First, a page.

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Here’s How a Heat Pump Can Cool Your House in the Summer

A Daikin 7KW heat pump is seen on a model house within the Octopus Energy training facility on November 02, 2021 in Slough, England. Photographer: Leon Neal/Getty Images

(Bloomberg) —

As temperatures and energy bills spike this summer, it might be time to consider installing a heat pump. Despite its name, a heat pump cools your home as well as warming it in winter, but the device is far more efficient than a conventional air conditioner and fossil fuel furnace.

The most commonly installed are air-source heat pumps, which resemble air conditioner units that sit outside your house. During hot months, liquid refrigerant in a copper coil extracts heat from the interior of a home as warm air naturally moves toward the cold. The hot air is then vented outside the house. A heat pump in cooling mode also lowers the humidity in a house, creating a more comfortable environment.

That’s increasingly useful in temperate areas of the United States, where people typically don’t have air conditioners but are being hit with climate-change-fueled heat waves, such as the record-breaking temperatures that seared the Pacific Northwest in June 2021. California and other western states are also experiencing more frequent and widespread wildfires that can blanket distant cities in toxic smoke.

“We do see in places like California that because of wildfires, folks want to have AC because they want to shut their windows,” says Lacey Tan, manager of the carbon-free buildings program at the nonprofit Rocky Mountain Institute.

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report on the 2021 Pacific Northwest heatwave by RMI found that a Seattle home equipped with a heat pump would save $228 annually compared to conventional cooling and heating systems and reduce the building’s carbon dioxide emissions by about 25%.

“While more and more people in the United States and around the world look to add cooling to their homes, it’s important to ensure that cooling equipment has minimal climate impact,” the report stated.

Equipment and installation costs typically run from $4,000 to $12,000 for an air-source heat pump, depending on the size of the pump, the brand, and whether you use a ductless system. The price of a conventional air conditioning system ranges from $3,800 to $7,500 while a gas furnace costs $2,000 to $6,000. In other words, installing a heat pump to cool and heat your home costs roughly the same as buying a separate air conditioner and furnace.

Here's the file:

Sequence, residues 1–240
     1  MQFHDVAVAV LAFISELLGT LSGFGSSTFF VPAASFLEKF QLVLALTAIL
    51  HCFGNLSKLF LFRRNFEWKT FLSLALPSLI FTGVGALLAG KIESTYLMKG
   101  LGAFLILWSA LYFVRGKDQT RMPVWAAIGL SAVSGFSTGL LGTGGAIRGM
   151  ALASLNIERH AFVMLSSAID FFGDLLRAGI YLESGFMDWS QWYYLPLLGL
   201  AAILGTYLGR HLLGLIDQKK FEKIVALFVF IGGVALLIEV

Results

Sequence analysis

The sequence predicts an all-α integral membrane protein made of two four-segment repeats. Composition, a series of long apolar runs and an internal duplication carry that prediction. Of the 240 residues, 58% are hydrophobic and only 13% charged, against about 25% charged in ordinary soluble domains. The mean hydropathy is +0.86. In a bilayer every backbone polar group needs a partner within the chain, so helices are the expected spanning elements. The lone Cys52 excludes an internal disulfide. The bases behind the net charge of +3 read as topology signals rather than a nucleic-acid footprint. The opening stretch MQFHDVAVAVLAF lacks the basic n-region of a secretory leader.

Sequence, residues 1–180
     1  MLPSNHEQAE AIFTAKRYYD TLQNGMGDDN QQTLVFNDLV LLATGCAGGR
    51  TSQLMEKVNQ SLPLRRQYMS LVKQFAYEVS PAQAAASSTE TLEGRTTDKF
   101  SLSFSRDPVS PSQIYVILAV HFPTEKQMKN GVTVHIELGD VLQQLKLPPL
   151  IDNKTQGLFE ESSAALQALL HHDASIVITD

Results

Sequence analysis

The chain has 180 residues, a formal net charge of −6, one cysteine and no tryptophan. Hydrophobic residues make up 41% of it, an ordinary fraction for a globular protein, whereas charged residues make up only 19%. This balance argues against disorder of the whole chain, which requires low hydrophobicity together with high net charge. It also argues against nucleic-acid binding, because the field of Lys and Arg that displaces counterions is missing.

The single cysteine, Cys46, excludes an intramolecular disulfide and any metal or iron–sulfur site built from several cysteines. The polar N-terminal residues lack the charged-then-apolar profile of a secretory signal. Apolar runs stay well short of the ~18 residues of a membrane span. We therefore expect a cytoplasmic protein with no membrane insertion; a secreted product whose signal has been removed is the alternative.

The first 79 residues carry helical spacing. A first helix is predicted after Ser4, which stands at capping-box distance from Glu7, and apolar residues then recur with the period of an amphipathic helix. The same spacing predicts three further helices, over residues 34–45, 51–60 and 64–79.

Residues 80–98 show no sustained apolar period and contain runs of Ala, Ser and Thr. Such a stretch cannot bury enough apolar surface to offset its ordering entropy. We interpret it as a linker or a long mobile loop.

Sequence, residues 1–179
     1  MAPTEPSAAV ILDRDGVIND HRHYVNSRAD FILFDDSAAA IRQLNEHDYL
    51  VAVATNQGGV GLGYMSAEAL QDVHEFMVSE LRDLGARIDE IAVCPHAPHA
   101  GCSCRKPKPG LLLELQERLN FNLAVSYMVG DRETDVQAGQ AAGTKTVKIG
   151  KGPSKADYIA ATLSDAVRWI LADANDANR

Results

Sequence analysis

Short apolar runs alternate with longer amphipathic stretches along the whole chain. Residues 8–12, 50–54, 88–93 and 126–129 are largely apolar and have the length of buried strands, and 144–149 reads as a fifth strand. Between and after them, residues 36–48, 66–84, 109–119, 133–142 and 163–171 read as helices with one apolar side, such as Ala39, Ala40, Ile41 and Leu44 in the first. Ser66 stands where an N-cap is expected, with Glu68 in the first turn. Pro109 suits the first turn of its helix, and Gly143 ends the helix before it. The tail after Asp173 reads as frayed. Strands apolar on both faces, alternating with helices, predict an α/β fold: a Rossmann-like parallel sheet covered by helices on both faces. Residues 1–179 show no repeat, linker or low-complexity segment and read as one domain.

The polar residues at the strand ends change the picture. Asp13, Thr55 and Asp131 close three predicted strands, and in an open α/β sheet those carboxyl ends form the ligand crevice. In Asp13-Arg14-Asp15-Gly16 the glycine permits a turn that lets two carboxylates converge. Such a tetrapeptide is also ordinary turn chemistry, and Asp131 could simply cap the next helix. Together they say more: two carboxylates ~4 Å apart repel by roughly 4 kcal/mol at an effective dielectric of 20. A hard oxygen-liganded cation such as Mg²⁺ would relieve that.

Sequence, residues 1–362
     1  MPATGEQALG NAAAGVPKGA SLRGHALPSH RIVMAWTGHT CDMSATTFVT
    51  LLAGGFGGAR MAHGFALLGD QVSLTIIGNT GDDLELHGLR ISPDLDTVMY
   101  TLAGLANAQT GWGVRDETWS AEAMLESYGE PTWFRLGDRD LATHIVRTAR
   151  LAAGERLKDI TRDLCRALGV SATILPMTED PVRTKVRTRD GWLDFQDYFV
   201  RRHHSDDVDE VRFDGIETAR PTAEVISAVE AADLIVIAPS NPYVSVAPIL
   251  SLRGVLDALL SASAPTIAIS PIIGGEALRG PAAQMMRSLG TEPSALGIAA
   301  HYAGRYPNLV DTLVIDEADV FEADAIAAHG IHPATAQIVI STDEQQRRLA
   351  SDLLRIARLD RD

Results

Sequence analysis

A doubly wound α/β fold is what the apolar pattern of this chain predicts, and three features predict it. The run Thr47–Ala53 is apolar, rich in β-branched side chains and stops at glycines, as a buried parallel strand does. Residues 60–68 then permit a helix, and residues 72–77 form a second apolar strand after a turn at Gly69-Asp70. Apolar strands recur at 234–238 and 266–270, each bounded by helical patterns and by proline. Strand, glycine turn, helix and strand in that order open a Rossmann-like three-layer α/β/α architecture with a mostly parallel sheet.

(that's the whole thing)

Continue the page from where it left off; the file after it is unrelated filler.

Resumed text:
But what if you need cooling but your existing furnace still has life left in it? Tan recommends installing a heat pump rather than purchasing a more inefficient conventional air conditioner that won’t be replaced for another 15 to 20 years. “If you’re going to install cooling, it should be at a heat pump, period,” she says. “Then allow people to keep their furnaces until they burn out.”

The US Department of Energy estimates that a heat pump can lower a homeowner’s energy costs by hundreds of dollars a year. Meanwhile, a study published in October 2020 in the journal Nature Energy found that houses with heat pumps get a premium of as much as $17,000 on average when they sell. The environment also benefits: A 2018 paper published in the  found that air-source heat pumps could reduce household greenhouse gas emissions from heating in California by as much as 54%.

Some states offer incentives for air-source heat pumps, such as rebates up to $4,800 in California$1,200 in Maine and 0% financing and other rebates in Massachusetts.

A barrier to wider adoption of heat pumps is a lack of contractors with the knowledge or willingness to install the devices. “Unfortunately, we’re not seeing a push from the contractor side for heat pumps,” Tan says.

Shop around, and check to see if your utility or state rebate program lists recommended installers. Northeast Energy Efficiency Partnerships publishes a guide to choosing a contractor and the questions you should ask. In the San Francisco Bay Area, a program called BayREN offers a list of approved contractors that install heat pumps and are qualified for rebates.

To contact the author of this story:
Todd Woody in San Francisco at twoody4@bloomberg.net

© 2022 Bloomberg L.P.

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